Japan posted a record current account deficit in January, marking four straight months of red ink for the first time as soaring demand for energy and the weakening of the yen triggered a surge in import costs, the Finance Ministry said Monday in a preliminary report.
The deficit in the balance, one of the widest gauges of international trade for a country, stood at ¥1.589 trillion ($15.427 billion), the largest since comparable data became available in 1985, highlighting Japan’s diminishing ability to earn money from abroad.
Imports jumped 30.3 percent from a year earlier to ¥7.862 trillion against a backdrop of rising imports of crude oil, while exports climbed 16.7 percent to ¥5.517 trillion with the yen weakening, the ministry said.
The balance of goods trade marked a record deficit of ¥2.345 trillion.
Given that Japan logged a cumulative current account surplus of only around ¥130 billion from April last year to January, the nation’s current account balance may turn negative in fiscal 2013 through March for the first time in 33 years, analysts said.
Should concern intensify that the economy will become saddled with a persisting current account deficit, the yen is likely to plunge, causing economic and price conditions to deteriorate, they added.
“It is necessary to build a strong economy to avoid a sharp change in the current account balance” by taking measures such as capitalizing on growth in emerging Asian economies, Prime Minister Shinzo Abe said during a Diet session Monday.
The deficit has been widening amid strong demand for gas and oil from utilities falling back on fossil fuel-based power generation to offset the loss of all nuclear power caused by the nationwide idling of reactors since the Fukushima disaster.
On top of that, the Bank of Japan’s aggressive monetary easing has driven down the yen, which will make it hard for the time being for the trade balance to move into the black.
A falling yen usually supports exports by making Japanese products cheaper abroad and boosts the value of overseas revenues in yen terms, though it simultaneously pushes up import prices. Japan depends on imports for more than 90 percent of its energy needs.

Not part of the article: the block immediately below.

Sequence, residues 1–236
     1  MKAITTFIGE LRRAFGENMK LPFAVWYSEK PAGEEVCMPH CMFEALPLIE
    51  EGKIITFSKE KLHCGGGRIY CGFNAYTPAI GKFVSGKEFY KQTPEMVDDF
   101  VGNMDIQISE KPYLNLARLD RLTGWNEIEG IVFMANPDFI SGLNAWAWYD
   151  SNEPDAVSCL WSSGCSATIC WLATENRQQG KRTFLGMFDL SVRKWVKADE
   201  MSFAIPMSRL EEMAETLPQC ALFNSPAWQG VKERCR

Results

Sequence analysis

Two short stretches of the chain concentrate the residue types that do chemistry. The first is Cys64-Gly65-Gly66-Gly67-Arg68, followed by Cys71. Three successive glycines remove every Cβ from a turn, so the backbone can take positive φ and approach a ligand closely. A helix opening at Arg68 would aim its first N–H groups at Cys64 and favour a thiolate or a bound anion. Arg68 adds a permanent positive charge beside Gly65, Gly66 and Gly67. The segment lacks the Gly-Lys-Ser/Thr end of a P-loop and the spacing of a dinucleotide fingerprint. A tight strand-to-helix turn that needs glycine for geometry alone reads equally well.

In January, the yen had dropped by 16.6 percent versus the dollar on year to 103.94 on an average basis, and by 19.4 percent against the euro to 141.50, it said.
With current account deficits, the Japanese currency will face further downward pressure, as importers’ yen selling to buy goods and services from abroad will outpace exporters’ yen buying to repatriate their overseas earnings.
A plummet in the yen would bring about high cost-push inflation, said Kenji Yumoto, vice chairman of Japan Research Institute, adding, “It is clear that such inflation is not favorable to consumers.”
A chronic current account deficit will also hurt Japan’s fiscal house, experts said.
If speculation grows that Japan’s current account balance will continue to worsen, investors would start to believe the government will be compelled to sell its bonds to foreign buyers and there would be a rush to sell them amid fears about the outlook for the sovereign bond market, they said.
Long-term bonds’ interest rates move inversely to their prices. A spike in the rates would create a vicious cycle where expansion in the government’s interest payments on its bonds will hamper efforts to restore Japan’s finances. That would prod more investors to dump government bonds, raising interest rates further.
Japan’s fiscal health is the worst among major industrialized economies, with public debt equivalent to more than 200 percent of gross domestic product. Central government debt topped ¥1.000 quadrillion for the first time ever last year.
With the current account deficits increasing, Abe has expressed eagerness to restart nuclear power stations, saying during the same Diet session that it is important to establish a responsible energy policy.
In January, the surplus in the income account, which reflects how much Japan earns from its foreign investments, rose 8.6 percent on year to ¥1.337 trillion, buoyed by higher dividends and profits from securities investments due in part to the yen’s slide.
The services sector, including passenger transportation and cargo shipping, registered a deficit of ¥467.4 billion.
Starting in January, the Finance Ministry and the BOJ have been calculating data related to the country’s current account balance based on the sixth edition of the International Monetary Fund’s Balance of Payments and International Investment Position Manual.
Some figures previously released by Japan’s financial authorities, such as trade and service balances, have been accordingly revised.